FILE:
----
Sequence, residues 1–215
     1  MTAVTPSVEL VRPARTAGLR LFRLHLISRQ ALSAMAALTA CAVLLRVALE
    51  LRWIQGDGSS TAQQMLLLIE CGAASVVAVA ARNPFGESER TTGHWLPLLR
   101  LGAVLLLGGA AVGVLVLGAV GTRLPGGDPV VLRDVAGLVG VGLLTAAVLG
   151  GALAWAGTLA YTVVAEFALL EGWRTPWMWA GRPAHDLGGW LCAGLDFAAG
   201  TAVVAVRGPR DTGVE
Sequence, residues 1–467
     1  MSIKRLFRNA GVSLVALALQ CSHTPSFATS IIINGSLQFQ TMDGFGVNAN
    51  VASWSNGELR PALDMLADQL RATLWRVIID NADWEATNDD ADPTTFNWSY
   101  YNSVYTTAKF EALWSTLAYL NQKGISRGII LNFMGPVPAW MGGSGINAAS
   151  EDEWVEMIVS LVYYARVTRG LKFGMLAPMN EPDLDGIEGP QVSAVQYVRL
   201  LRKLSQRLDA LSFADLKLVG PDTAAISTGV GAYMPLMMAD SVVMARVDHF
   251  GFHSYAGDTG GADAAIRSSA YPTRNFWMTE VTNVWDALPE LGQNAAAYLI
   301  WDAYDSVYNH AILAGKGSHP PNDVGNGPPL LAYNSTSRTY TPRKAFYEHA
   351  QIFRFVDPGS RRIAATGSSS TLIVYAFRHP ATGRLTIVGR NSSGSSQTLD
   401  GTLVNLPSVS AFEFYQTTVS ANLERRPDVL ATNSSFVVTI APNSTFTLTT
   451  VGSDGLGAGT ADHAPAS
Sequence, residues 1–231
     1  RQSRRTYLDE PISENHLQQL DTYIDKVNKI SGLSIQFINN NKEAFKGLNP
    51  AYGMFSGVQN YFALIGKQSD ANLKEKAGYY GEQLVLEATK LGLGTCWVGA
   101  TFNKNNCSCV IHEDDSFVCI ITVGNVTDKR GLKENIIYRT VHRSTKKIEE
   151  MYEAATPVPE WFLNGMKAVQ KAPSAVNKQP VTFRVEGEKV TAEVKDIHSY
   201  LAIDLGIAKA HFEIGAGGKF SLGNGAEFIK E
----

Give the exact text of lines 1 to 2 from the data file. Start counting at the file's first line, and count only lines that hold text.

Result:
Sequence, residues 1–215
     1  MTAVTPSVEL VRPARTAGLR LFRLHLISRQ ALSAMAALTA CAVLLRVALE